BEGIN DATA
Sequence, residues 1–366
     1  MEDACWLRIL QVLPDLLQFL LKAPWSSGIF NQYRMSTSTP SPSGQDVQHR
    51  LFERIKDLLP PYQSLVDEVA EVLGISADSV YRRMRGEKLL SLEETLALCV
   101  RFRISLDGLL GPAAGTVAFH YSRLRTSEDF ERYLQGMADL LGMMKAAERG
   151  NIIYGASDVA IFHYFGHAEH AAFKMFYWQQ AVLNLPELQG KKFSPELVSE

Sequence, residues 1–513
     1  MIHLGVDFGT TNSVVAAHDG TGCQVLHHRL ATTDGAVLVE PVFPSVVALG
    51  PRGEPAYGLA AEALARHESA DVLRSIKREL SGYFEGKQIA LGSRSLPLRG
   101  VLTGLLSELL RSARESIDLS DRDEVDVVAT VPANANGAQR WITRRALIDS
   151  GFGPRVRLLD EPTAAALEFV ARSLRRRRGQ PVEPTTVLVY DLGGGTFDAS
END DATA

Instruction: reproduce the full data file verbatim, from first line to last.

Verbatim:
Sequence, residues 1–366
     1  MEDACWLRIL QVLPDLLQFL LKAPWSSGIF NQYRMSTSTP SPSGQDVQHR
    51  LFERIKDLLP PYQSLVDEVA EVLGISADSV YRRMRGEKLL SLEETLALCV
   101  RFRISLDGLL GPAAGTVAFH YSRLRTSEDF ERYLQGMADL LGMMKAAERG
   151  NIIYGASDVA IFHYFGHAEH AAFKMFYWQQ AVLNLPELQG KKFSPELVSE

Sequence, residues 1–513
     1  MIHLGVDFGT TNSVVAAHDG TGCQVLHHRL ATTDGAVLVE PVFPSVVALG
    51  PRGEPAYGLA AEALARHESA DVLRSIKREL SGYFEGKQIA LGSRSLPLRG
   101  VLTGLLSELL RSARESIDLS DRDEVDVVAT VPANANGAQR WITRRALIDS
   151  GFGPRVRLLD EPTAAALEFV ARSLRRRRGQ PVEPTTVLVY DLGGGTFDAS